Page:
That the Parliamentary privilege was indeed abused is historical fact. By the close of the 17th century, Parliament had succeeded in obtaining rights of free speech and debate as well as the power to punish offenses of its members contravening the good order and integrity of its processes. In 1694, five years after incorporation of the Speech or Debate Clause in the English Bill of Rights, Lord Falkland was found guilty in Commons of accepting a bribe of 2,000 pounds from the Crown, and was imprisoned during the pleasure of the House. The Speaker of the House of Commons, Sir John Trevor, was censured for bribery the following year. [n4]
But Parliament was not content with mere control over its members' conduct. Independence brought an assertion of absolute power over the definition and reach of institutional privileges.
[T]he House of Commons and the House of Lords claimed absolute and plenary authority over their privileges. This was an independent body of law, described by Coke as lex parliamenti. Only Parliament could declare what those privileges were or what new privileges were occasioned, and only Parliament could judge what conduct constituted a breach of privilege.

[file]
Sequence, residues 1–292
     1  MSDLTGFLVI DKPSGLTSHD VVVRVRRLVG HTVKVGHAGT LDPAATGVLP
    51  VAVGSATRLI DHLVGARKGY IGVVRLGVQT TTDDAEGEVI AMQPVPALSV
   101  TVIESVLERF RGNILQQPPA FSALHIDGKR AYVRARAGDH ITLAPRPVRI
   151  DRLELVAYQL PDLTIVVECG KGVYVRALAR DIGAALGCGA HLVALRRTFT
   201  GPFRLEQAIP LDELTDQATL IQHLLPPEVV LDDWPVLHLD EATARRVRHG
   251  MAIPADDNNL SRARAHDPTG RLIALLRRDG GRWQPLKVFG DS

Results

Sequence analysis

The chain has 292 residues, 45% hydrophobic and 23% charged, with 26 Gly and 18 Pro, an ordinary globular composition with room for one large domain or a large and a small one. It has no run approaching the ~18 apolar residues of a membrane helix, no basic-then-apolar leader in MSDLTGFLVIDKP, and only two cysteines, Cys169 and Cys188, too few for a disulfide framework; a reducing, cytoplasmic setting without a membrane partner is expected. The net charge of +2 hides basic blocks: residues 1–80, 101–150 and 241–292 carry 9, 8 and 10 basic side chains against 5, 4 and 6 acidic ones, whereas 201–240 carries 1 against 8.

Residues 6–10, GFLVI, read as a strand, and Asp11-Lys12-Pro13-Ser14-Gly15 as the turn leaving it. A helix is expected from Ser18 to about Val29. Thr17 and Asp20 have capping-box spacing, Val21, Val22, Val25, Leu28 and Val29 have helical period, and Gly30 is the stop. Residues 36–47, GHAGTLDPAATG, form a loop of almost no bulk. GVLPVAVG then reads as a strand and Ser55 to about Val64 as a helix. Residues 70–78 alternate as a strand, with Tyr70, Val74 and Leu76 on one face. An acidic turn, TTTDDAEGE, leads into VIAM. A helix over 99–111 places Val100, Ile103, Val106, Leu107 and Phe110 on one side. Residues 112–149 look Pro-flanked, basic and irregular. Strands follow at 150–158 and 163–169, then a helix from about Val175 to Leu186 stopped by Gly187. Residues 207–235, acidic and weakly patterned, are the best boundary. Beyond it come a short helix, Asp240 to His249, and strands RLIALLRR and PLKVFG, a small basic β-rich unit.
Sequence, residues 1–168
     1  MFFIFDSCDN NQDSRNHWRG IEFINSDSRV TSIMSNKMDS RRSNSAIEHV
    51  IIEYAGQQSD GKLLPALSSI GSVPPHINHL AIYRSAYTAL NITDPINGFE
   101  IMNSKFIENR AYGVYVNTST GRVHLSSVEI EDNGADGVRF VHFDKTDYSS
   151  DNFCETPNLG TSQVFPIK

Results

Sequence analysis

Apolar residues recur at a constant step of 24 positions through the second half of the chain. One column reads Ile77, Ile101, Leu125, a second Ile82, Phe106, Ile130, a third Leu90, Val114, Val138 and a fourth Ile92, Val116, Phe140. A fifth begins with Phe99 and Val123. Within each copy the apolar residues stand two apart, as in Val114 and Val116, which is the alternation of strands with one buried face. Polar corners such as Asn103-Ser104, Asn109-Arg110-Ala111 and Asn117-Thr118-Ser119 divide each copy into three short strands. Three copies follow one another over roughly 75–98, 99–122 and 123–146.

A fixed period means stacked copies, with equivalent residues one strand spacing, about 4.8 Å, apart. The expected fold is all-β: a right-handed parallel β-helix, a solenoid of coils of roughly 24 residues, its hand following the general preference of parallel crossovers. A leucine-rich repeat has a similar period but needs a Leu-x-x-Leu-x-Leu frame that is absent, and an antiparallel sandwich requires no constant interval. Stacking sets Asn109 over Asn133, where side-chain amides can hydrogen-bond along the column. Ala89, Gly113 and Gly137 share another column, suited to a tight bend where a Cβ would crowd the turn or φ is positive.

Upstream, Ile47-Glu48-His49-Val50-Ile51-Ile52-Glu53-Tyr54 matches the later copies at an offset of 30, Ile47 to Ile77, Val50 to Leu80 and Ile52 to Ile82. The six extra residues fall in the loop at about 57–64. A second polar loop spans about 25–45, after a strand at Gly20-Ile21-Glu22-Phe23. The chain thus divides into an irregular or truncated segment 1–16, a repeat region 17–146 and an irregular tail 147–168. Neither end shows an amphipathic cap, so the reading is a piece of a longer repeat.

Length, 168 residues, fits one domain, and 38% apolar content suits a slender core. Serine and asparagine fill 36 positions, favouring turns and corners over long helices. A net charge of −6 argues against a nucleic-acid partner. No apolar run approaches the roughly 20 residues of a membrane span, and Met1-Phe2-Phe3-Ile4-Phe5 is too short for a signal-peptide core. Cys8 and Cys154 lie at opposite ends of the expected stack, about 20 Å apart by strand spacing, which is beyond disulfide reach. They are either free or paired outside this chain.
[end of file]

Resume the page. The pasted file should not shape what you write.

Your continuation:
Watkins v. United States, 354 U.S. 178, 188 (1957). Thus, having established the basic privilege of its members [p546] to be free from civil arrest or punishment, the House extended the privilege to its members' servants, and punished trespass on the estates of its members, or theft of their or their servants' goods. The House went so far as to declare its members' servants to be outside the reach of the common law courts during the time that Parliament was sitting. This led to the sale of "protections" providing that named persons were servants of a particular member and should be free from arrest, imprisonment, and molestation during the term of Parliament. [n5] These abuses in turn were brought to America. By 1662, for example, the Virginia House of Burgesses had succeeded in exempting not only its members, but their servants as well, from arrest and molestation. [n6]
The Government is correct in pointing out that the Framers, aware of these abuses, were determined to guard against them. Madison stated that the "legislative department is every where extending the sphere of its activity, and drawing all power into its impetuous vortex." [n7] And Jefferson looked on the "tyranny of the [p547] legislatures" as "the most formidable dread at present, and will be for long years." [n8] Therefore the Framers refused to adopt the lex parliamenti, which would have allowed Congressmen and their servants to enjoy numerous immunities from ordinary legal restraints. But it does not follow that the Framers went further and authorized Congress to transfer discipline of bribe takers to the Judicial Branch. The Government refers us to nothing in the Convention debates or in writings of the Framers that even remotely supports the argument. Indeed, there is much in the history of the Clause to point the other way, toward a personalized legislative privilege not subject to defeasance even by a specific congressional delegation to the courts.